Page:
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ICC Note:
The story of Qusayr and the fate of its Christians demonstrate the complexity and the danger facing all Syrians in the midst of the ongoing civil war. Once a city where its Sunni and Christian communities peacefully lived side-by-side, the Christians have all been forced out by Sunni militants, it has become a dangerous place for all as forces loyal to President Bashar al-Assad have retaken the city. The future remains unclear as neither side has shown a way to provide security for all Syrians.
8/08/2013 Syria (The Spectator) – Ilyas was, he told me, the very last Christian to flee Qusayr. He had been one of just a handful in the town to join the revolution — an odd thing for a Christian to do because the Free Syrian Army (FSA) were and are mostly Sunnis, and the Christians mostly sided with Assad. Still, it didn’t save him. One day he heard banging on the door and saw men with Kalashnikovs standing there. There were familiar faces, some he had known for years. He said: ‘They told me: “You’re a Christian – you’re not welcome here.”’
Qusayr is a grim little town of 30,000-40,000, a few miles into Syria from the Lebanese border. It was once around three-quarters Sunni Muslim, one-quarter Christian, all living peacefully together. It took 18 months from the beginning of the uprising to the knock on Ilyas’s front door, and in that time what was happening in Qusayr mirrored and explained what was going wrong with the revolution across the country.
We happened to be in Qusayr on the day, in January last year, that marked the start of the trouble between Sunnis and Christians. ‘Some hothead is kidnapping Christians,’ said the young FSA commander, leaping up after getting a call on his radio. ‘We’ve got to go.’ His men stirred themselves from their positions sitting cross-legged around a kerosene stove and picked up weapons from a corner. We were taken to see a prisoner they viewed as the cause of the crisis.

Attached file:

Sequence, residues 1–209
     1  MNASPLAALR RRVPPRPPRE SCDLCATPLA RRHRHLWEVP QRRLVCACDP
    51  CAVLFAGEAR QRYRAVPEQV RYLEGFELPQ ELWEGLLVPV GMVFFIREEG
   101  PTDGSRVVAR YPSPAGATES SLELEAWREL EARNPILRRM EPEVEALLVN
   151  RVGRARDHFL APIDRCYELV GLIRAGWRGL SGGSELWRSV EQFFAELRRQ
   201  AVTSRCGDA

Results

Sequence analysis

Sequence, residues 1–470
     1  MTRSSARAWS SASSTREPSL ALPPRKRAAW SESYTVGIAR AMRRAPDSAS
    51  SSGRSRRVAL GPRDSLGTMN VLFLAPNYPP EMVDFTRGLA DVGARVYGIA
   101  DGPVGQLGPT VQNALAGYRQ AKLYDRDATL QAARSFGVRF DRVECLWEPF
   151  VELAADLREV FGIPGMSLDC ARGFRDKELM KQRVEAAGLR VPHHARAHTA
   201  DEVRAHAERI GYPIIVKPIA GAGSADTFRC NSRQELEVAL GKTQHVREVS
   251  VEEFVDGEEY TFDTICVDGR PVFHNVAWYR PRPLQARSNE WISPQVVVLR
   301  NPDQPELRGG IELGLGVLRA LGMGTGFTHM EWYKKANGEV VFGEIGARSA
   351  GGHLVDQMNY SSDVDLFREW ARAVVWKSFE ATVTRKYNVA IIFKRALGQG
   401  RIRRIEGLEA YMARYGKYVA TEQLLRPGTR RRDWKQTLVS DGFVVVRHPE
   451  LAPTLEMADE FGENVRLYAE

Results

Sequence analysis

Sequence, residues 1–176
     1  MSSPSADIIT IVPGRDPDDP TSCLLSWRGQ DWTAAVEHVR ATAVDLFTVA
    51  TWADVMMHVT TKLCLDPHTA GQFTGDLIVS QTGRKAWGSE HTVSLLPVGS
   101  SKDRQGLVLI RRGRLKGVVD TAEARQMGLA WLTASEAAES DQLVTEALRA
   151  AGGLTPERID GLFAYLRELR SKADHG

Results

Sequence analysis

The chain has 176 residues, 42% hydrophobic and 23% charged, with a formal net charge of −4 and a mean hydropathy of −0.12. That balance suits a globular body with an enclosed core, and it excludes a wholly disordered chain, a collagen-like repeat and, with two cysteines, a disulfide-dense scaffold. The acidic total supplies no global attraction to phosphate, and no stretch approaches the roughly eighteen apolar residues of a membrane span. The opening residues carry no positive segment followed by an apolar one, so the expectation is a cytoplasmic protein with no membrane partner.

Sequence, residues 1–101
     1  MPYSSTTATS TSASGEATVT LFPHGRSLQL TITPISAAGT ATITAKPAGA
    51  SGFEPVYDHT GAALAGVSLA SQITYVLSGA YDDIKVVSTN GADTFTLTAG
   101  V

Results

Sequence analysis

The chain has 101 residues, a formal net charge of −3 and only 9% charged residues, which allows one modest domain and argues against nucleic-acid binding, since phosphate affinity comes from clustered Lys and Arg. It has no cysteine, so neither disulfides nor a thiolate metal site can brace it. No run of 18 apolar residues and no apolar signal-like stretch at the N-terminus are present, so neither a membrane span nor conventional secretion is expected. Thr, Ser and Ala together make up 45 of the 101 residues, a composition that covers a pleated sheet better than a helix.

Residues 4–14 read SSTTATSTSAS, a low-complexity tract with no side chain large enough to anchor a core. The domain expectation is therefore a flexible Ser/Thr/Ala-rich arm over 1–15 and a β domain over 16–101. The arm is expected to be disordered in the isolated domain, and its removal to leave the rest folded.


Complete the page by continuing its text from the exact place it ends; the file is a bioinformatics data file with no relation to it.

Corporal Joseph Hanna was lying on a mattress in a makeshift cell, a dark red bloodstain showing through heavy bandages on his left thigh. He had been at home on leave from guard duty when FSA rebel fighters burst in, shooting him in the leg. ‘I’m just a corporal in the army,’ he said, weakly. His FSA jailer shouted: ‘Liar! You are Mukhabarat [secret police].’
Hanna’s real crime had been to set up a checkpoint in town, to guard the street where he and other Christians lived. This checkpoint inspired fear and resentment among Sunnis. There was firing from behind the checkpoint’s sandbags during the weekly Friday demonstration, it was said. The FSA had decided to put a stop to this.
But things did not go according to plan. After Hanna was seized, his brothers swiftly kidnapped six Sunnis. The families of the six responded by abducting perhaps as many as 30 Christian men. And it was in the middle of this that I first met Ilyas, who as the rebels’ token Christian became the mediator. Ilyas was desperate not to see a Sunni–Christian conflict ignite, which the Christians as a minority would surely lose. The whole town felt the same way and so a deal was hastily struck. Everyone would be released: the 30 Christians, the six Sunnis, Hanna himself, as long as he agreed to leave town. Qusayr exhaled, gratefully.
But that was not the end of Qusayr’s drama — it turned out to be just the beginning, as Ilyas explained when I met him in Lebanon last week. ‘After that, people in Qusayr started to change,’ he said. A couple of months after the tit-for-tat kidnappings, six men from Hanna’s extended family were killed. Next, Ilyas said, Christians with no connection to the police or army started to disappear, bodies dumped in the street a couple of hours later.

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